This is a wild goose chase, of course. Tesla never built such a machine for Borden. He’s never heard of Borden.
But he builds one for Angier anyway.
Eleven years later, I still can’t get over how brilliant that twist is. Borden cackles to himself about how he actually managed to convince that idiot Angier that Nikola Tesla had invented teleportation, only for Angier to go to Colorado and successfully convince Tesla to invent teleportation. Like I wrote in my ’07 article, that shift from the fake to the real resonates with history: the example that sprang to my mind was that the 18th‑century “chess machine” that beat Napoleon Bonaparte and Benjamin Franklin did so by hiding a human player in a compartment behind the fake clockwork, but by the late 20th century, the chess computers that beat world champions did so by actually being chess computers. And by presenting us with a machine capable of miracles, The Prestige lets us experience at least a hint of how someone in 1899 might view all the equally miraculous devices surrounding us that we take for granted. All that thematic depth was in the book long before it was adapted into a film, so full credit to the author for that.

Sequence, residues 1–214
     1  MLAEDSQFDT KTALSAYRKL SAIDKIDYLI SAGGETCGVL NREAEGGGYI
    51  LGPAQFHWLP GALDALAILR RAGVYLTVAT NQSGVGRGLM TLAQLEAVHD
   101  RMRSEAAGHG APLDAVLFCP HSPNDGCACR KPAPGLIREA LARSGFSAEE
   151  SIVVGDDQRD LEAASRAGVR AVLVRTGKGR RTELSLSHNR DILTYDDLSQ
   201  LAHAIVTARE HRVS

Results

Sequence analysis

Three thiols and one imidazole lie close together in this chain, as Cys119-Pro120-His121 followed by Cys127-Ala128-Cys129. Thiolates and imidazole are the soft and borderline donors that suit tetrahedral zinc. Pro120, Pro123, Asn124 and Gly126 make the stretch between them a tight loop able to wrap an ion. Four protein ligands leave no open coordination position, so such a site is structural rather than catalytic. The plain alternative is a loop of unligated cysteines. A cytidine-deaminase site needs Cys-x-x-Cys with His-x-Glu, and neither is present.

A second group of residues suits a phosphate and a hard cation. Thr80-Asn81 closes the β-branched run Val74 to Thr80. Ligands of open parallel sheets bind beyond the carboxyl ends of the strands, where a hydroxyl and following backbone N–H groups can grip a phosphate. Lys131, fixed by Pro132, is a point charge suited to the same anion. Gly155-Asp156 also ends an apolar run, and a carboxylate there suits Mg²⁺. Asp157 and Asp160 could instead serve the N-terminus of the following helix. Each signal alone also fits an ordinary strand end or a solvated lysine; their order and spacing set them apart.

The most obvious advantage the movie has over the book is that the story is about stage magicians, and it benefits the story immeasurably when we can actually see their magic tricks. The novel only has language to work with, and it is largely an exercise in using language to pull off a couple of tricks of its own. Consider the second major twist in both versions of The Prestige: “Alfred Borden”, it turns out, is actually a pair of twins. The way his “Transported Man” works is simple: one twin enters the cabinet on the left, and the other immediately emerges from the cabinet on the right. That’s not much of a trick. The trick is for two people to spend every moment of their lives, public and private, acting as a single person, with no one else in on the secret—not even the wife they share—so that no one can guess how Alfred Borden can have moved from one cabinet to the other in an instant. The movie reveals the secret at the very end, after sprinkling clues throughout the film—conversations in which Borden has to be reminded what he said the day before, wounds that bleed for longer than they should (because when one twin gets a couple of fingers blown off, the other has to chop off a couple of his so that they still match). This is skillfully done: knowing the secret, I could see that the movie was giving viewers every chance to figure it out for themselves, but the first time around, not only did I not put together the clues, I didn’t even recognize that they were clues. But the book doesn’t give us seemingly innocuous conversations to eavesdrop on; instead, we’re reading Borden’s diary. He starts off talking about his childhood and about how he became interested in stage magic, but then sentences like this start to crop up: “I said nothing of this to me!” “I apologize if I think I was deceiving me, and meant no harm. I have read through it several times, & I think I understand what I am driving at.” “Under the Pact, if I once make a statement, even something ill‐advised or uttered in an unguarded moment, I always assume responsibility for it as if I had spoken the words myself.” I can’t really know what I would initially have made of this had I not gone in already knowing the secret—maybe I would have assumed that Borden was a multiple personality. But I do know that making readers parse sentences that don’t on the surface make sense is one of my least favorite literary gimmicks. (See Pattern 30.) Normally I like knowing nothing about a story I’m about to dive into, but in this case having already watched the movie spared me some frustration.